When the fasteners stayed in the deck and the membrane was cut, the stress caused by fluttering of the membrane was enough to tear it along the seam like a big zipper. Where no punctures occurred, the roofs stayed in place as well as any other mechanically attached system.
Ballasted systems just plain disappeared.
In general, newer standing seam and trapezoidal seam metal roofs were relatively good performers in hurricane winds. The majority of damage was loss of hip and ridge caps. The panels themselves generally stayed in place. When the panels did lift, the damage tended to start at the eaves and where one panel overlapped another at a horizontal seam. Metal systems with mechanically seamed panels stayed watertight more than systems using batten seam covers. The batten covers tended to loosen with the movement of the panels in the wind, allowing water to get under them and into the building.
Although the panels themselves generally stayed in place, as debris hit the batten covers, they rocked and loosened, allowing water to get under the seam cover and into the building.
In either case, roofs with one long panel from ridge to eave stayed better than those with seams across the panels themselves. The seams proved to be weak areas when wind was able to get under the panel and peel it back.
Thicker gauge metal was more resistant to wind than thinner gauge. There did not appear to be any difference in frequency of damage between architectural standing seam and structural standing seam. The only difference is that when the structural standing seam failed, the damage was much more extensive because the structural standing seam roof is not only the waterproofing but also the structure.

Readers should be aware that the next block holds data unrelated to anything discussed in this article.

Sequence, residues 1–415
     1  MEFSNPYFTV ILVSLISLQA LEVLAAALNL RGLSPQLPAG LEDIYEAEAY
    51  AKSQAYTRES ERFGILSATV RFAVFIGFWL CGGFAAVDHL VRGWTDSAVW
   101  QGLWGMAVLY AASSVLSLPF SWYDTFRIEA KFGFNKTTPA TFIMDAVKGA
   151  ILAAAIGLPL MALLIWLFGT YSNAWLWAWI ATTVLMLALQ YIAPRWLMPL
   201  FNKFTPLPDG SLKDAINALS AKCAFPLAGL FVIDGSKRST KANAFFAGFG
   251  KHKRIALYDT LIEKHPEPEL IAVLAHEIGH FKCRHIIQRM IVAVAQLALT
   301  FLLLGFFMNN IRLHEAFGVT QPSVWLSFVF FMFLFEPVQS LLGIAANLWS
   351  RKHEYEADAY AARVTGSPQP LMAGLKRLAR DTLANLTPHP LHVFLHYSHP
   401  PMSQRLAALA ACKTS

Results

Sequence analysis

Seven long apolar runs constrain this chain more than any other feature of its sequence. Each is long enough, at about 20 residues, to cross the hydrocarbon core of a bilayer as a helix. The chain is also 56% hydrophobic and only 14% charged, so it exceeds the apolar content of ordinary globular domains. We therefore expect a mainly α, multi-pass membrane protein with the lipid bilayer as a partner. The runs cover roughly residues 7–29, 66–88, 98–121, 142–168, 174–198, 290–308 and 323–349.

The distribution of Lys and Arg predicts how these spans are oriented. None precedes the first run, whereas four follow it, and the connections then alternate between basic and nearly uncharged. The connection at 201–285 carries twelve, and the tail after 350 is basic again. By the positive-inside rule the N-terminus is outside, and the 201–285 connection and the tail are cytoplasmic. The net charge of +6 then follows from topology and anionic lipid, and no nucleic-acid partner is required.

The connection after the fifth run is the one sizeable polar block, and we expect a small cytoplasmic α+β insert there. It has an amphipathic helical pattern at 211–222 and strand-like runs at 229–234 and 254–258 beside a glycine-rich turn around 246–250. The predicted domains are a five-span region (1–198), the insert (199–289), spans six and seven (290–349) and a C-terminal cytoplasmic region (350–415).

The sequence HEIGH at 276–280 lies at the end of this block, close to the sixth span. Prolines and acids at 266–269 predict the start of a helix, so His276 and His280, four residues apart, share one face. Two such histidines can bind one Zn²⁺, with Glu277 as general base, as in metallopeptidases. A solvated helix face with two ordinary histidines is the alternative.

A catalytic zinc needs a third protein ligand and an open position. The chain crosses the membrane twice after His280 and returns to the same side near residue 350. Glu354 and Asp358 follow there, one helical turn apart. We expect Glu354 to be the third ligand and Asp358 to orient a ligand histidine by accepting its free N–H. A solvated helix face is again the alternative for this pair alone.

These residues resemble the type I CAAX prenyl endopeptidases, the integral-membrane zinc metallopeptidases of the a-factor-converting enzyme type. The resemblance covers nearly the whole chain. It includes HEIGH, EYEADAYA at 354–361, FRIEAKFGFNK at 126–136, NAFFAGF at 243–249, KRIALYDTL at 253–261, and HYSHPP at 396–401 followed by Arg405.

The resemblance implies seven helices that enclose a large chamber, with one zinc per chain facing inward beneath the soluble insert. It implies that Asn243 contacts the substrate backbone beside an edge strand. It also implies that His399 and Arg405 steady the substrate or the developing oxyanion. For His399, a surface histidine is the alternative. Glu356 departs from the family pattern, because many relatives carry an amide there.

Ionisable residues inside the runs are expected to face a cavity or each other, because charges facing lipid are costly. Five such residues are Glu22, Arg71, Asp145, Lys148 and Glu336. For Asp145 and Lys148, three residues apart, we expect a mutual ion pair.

Coated polyurethane foam systems are not widely used in Florida, but they have been shown to have excellent wind uplift resistance limited only by the substrate to which the roof is adhered. Although a coated polyurethane foam roof is easily punctured, the foam itself is water-resistant if installed correctly. If the debris does not completely penetrate the foam, the roof remains watertight.
Re-covered roofs failed at a much higher frequency than new or replacement roofs. The failure was generally at corners where the longer gravel stop used to cover the double membrane edge was not a heavy enough gauge metal to withstand the wind. Consequently, failed re-covers typically peeled back from the corners. The other failure point was within the original roof system, where the original insulation facer delaminated or the insulation just pulled apart. This is logical: The reason the roof was re-covered is that the original roof failed.
Older roofs in general did not stay in place as well as newer roofs. There are two major reasons for this. First, the older materials have aged and in many cases have become brittle and fatigued, leaving them susceptible to puncture damage and wind uplift. Second, until Hurricane Andrew in 1992, wind design was mostly ignored. Only recently has it been accepted as a necessary element of roof design. Older roofs were installed according to codes written prior to research on wind characteristics. As the years have gone by, research has provided a better understanding of wind uplift pressures. Today, the newer codes reflect this research, and roofs are tested to meet actual hurricane wind conditions.